Sunday, October 30, 2011

Establishing Roots in Paris

I've now been in Paris for exactly 2 months, and just this past week, I've noticed a shift in my perception on being here.  I feel like I've gone from wide eyed tourist to wide eyed resident.  I'm certainly not proclaiming to now be an expert on well, anything really, but I feel an energy change from frenetic must see city tourer to a more grounded explorer of a place where I live.
The Guy's
There are a few things that help contribute to this feeling, outside of simply spending 8 weeks in a row here.  Having an apartment in Paris is certainly a different perspective on a city vs. hotel living. While I don't have an oven, I do have a little kitchen where I always look forward to whipping up fabulous local fare.  It's fun to go to the "marche" and dream up lunches and dinners after gaining inspiration from all the fresh produce.  I also now have "guy's," and no ladies, not the ones you were hoping for, but I have a chicken guy, a lettuce guy, a nut guy, and I try not to pledge allegiance to any one specific cheese guy since there's too many to love.  I no longer question why each of these guys has their own shop that just sells their one specialty. I just try not to stop into each of them everyday.

The Morton's Man
My supermarket is now a familiar place where I can automatically go to the yogurt section and grab my favorite without wondering if I actually grabbed the "dessert" yogurt.  I've even mustered up the courage to interact with the Morton's fish guy who stands in an open counterless corner with his rubber boots on as if a large wave may come crashing in the store at any point with the fresh catch of the day.  There's buckets of fish on both sides of him, most of whose names I have not heard of, but I take a stab and try a new one each week.  Unfortunately last week, I failed to mention I needed my fish "preparer" so I learned how to fillet, and didn't end up eating too many bones.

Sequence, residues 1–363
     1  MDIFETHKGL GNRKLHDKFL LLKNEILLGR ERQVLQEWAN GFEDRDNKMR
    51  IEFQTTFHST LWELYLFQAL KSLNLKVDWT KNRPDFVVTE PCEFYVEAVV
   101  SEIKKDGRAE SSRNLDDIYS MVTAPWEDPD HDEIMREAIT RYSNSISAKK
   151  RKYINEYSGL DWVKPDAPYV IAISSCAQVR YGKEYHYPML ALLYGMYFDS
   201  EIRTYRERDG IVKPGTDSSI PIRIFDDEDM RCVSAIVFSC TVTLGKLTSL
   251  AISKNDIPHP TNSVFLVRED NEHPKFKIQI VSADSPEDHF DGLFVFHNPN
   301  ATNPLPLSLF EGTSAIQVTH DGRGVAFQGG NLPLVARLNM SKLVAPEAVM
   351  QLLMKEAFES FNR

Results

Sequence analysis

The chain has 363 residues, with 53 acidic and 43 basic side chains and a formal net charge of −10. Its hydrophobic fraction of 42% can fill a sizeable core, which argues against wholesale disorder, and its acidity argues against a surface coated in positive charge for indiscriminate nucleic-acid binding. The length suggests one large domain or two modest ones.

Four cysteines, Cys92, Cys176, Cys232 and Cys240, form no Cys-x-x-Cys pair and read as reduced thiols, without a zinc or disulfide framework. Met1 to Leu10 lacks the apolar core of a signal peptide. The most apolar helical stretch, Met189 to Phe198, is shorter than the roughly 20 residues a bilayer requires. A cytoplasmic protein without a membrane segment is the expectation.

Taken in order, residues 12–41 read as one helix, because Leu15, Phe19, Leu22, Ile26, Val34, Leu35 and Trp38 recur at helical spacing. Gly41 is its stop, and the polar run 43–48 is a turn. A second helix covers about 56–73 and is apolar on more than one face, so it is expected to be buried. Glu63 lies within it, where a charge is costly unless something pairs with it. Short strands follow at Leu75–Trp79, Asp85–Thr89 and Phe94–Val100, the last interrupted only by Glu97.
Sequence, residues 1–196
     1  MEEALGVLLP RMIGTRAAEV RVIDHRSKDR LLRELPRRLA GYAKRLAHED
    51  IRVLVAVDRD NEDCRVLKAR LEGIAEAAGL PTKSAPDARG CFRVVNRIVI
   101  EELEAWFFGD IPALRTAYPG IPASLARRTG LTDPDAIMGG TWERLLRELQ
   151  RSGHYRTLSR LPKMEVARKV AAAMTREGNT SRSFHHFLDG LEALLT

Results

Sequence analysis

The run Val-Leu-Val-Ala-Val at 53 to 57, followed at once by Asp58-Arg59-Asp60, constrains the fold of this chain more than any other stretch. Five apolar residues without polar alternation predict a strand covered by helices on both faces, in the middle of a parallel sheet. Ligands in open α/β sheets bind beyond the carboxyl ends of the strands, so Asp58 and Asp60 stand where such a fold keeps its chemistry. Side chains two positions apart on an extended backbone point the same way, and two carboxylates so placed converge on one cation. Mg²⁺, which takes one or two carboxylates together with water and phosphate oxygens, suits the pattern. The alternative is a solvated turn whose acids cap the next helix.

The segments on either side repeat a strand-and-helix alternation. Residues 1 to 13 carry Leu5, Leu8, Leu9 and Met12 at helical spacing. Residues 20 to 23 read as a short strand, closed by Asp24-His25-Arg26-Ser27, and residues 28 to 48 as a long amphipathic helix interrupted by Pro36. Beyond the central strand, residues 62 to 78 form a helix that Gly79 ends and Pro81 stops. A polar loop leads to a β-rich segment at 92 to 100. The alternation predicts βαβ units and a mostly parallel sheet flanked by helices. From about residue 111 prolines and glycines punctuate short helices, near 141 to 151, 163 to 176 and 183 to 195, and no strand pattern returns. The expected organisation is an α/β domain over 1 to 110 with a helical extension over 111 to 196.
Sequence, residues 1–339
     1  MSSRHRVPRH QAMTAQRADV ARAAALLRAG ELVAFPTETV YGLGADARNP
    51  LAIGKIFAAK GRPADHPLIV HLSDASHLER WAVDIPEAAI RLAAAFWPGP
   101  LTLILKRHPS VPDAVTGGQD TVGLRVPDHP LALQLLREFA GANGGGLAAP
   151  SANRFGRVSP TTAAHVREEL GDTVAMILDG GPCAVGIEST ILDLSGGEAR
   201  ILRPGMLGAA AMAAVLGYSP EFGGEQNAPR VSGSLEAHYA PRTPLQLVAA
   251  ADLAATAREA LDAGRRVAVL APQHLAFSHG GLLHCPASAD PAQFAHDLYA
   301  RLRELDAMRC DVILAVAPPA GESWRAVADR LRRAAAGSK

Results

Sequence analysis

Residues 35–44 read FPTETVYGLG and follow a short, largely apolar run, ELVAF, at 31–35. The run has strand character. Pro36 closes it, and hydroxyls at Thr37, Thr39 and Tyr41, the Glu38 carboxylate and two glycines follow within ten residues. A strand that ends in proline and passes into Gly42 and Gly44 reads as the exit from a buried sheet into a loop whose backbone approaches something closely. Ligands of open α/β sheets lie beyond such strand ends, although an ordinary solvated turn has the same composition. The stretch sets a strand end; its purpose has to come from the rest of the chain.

I'm sure you're thinking, you've been there 2 months now, you must be fluent?  Au contraire.  Turns out French is pretty hard when you start digging in past the bonjours and mercis, and everyone talks like they're 45 minutes late for something, which chances are is pretty accurate in this tardy town.  My teacher at Alliance Francais told me that I was very good at reading comprehension and writing, but I have to work on my listening comprehension and speaking, to which I give my best American duh, though I am trying to see if we can move the city to a more letter based passing of notes to interact with one another because that'd be much easier for me.

On the advice of my teacher, I switched into an all oral class twice a week where all you do is speak.  There's no books - just you and your bad French.  I enjoyed it like you might enjoy getting your legs waxed - painful while it's happening, but your happy with the results after.  Unfortunately the class was full after my first week, so I'm classless, but I've made myself sign up for some conversation gatherings around town.  I went to one today called Let Them Talk where I sat in a cafe with 4 other mono syllabic, quizzically, gesturing non-French speakers, while a Frenchman tried to put our words into coherent sentences with a little wipey board.  It was actually pretty good practice as half the battle is just getting into the habit of spitting out the words.  I'm going to a "Franglish" event this week where you spend 7 minutes speaking to a French person in French and then 7 minutes in English and you help each other not feel stupid with their non-native tongue.

This seat taken?
In my quest to just keep practicing (and to never miss a good meal), I was lined up at this Vietnamese restaurant over the week-end near closing time for lunch.  I had heard good things about it, but wasn't sure I was going to be able to get in.  I noticed the woman ahead of me and next in line was also alone so I asked in my best French if I could share her table, and next thing I know I'm eating Vietnamese food with a Chinese woman while speaking French and talking about Paris' Chinatown.  It was a good meal all the way around.